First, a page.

Malicious Falsehood

In the case of Citation Plc v Ellis Whittam Ltd [2012] EWHC 549 (QB) the parties were competitors. Citation brought proceedings for slander and malicious falsehood as to words spoken by an employee of Ellis Whittan Limited to a prospective client. The Claimant then entered into a contract with the client.

It was stated that the Claimant has provided

  • “inadequate and second-rate service to its clients, in particular as compared with the Defendant’s, such that prospective clients should steer well clear of it”.

The Claimant couldn’t provide any details of further publications by third parties.  It invited the court to infer this had happened, and stated its intention to rely on this at trial. The Claimant also sought an injunction to prevent further publication, with the same or similar words by the Defendant.   It said damages were not its main purpose.

The Defendant defended the claim on the basis that it denied publication of the words with the plea that further publishees were speculative.  The Defendant sought an order that the claim be struck out on the grounds that:

  • It was an abuse of  process of the court;
  • That the particulars of claim disclosed no reasonable grounds for bringing the claim; and
  • There was no real and substantial tort.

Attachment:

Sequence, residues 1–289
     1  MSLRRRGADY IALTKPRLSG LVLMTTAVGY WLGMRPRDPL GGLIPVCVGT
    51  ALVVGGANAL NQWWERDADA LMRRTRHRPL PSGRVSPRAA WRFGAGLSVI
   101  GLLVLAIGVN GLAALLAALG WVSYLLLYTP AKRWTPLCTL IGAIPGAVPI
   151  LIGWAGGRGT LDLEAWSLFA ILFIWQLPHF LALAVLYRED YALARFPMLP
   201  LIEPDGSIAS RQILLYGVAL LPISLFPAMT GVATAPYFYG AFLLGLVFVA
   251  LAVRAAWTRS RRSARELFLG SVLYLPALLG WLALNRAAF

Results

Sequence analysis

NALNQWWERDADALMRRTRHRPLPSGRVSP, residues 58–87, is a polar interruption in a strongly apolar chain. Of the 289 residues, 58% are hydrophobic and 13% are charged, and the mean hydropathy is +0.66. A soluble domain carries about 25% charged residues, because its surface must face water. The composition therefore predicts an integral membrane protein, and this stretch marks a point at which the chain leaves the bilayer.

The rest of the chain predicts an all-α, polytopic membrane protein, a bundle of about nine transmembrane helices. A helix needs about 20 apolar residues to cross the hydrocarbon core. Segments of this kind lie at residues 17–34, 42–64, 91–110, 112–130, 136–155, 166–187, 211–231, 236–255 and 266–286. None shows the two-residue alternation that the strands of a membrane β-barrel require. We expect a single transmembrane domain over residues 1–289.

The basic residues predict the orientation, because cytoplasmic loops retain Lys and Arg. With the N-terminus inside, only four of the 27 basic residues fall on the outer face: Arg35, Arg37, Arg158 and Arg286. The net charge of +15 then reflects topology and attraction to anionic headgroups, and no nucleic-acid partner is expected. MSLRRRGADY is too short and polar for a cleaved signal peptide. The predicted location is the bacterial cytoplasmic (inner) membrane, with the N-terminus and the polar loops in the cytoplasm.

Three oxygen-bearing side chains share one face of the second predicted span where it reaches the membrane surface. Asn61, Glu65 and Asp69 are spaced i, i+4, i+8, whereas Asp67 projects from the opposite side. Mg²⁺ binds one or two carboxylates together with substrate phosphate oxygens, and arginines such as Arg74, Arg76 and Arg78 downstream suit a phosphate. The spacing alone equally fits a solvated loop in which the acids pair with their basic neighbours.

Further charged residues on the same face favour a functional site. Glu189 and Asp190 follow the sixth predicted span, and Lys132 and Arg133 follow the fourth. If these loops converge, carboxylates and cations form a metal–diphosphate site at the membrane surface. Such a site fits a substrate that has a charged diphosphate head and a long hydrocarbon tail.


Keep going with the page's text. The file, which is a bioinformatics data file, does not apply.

The claim was struck out.

The reason being that the Claimant had made clear that it hadn’t suffered any actual damage.

The Defendant accepted that it wouldn’t repeat the words again, and the court agreed that litigation would not achieve more than had already been obtained by the time the proceedings were issued.

The claim was struck out as an abuse of process of the court.

Also, a trial would have involved public utterance of the words complained of.

The court stated that the claim wasn’t struck out for pursuing an unqualified undertaking the claim issued was served as it was entitled to do so.  However, once it had done so in practice, it had achieved

  • “all that it could have achieve which would be of any value to it vindicating its reputation.”

Since the Defendant had accepted that it must never repeat the words complained of, the court concluded that litigation could not achieve more than had already been obtained by the time proceedings were issued and so the claim was struck out as an abuse of process. What was the point of carrying on?

For advice as to Malicious Falsehood and defamation proceedings call Carruthers Law today.

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